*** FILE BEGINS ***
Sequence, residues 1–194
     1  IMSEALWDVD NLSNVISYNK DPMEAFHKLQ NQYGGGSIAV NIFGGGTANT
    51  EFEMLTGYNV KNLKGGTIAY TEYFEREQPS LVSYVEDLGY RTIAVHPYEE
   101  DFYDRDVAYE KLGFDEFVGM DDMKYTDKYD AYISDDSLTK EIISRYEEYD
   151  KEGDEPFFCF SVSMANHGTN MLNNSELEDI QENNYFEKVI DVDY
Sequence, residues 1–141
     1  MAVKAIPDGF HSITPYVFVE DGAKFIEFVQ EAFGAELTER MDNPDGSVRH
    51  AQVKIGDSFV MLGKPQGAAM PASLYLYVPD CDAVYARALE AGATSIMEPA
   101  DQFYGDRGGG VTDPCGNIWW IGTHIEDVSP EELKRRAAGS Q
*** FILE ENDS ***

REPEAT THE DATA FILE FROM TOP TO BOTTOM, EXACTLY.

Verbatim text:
Sequence, residues 1–194
     1  IMSEALWDVD NLSNVISYNK DPMEAFHKLQ NQYGGGSIAV NIFGGGTANT
    51  EFEMLTGYNV KNLKGGTIAY TEYFEREQPS LVSYVEDLGY RTIAVHPYEE
   101  DFYDRDVAYE KLGFDEFVGM DDMKYTDKYD AYISDDSLTK EIISRYEEYD
   151  KEGDEPFFCF SVSMANHGTN MLNNSELEDI QENNYFEKVI DVDY
Sequence, residues 1–141
     1  MAVKAIPDGF HSITPYVFVE DGAKFIEFVQ EAFGAELTER MDNPDGSVRH
    51  AQVKIGDSFV MLGKPQGAAM PASLYLYVPD CDAVYARALE AGATSIMEPA
   101  DQFYGDRGGG VTDPCGNIWW IGTHIEDVSP EELKRRAAGS Q